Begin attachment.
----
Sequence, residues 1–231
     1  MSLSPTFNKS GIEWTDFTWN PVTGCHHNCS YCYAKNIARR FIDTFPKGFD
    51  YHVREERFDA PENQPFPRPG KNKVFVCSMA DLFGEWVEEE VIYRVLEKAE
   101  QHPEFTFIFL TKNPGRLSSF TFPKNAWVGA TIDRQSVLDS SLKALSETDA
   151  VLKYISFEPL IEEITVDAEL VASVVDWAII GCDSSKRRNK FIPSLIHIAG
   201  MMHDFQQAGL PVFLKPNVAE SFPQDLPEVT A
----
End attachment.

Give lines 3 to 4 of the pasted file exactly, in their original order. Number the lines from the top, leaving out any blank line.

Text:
    51  YHVREERFDA PENQPFPRPG KNKVFVCSMA DLFGEWVEEE VIYRVLEKAE
   101  QHPEFTFIFL TKNPGRLSSF TFPKNAWVGA TIDRQSVLDS SLKALSETDA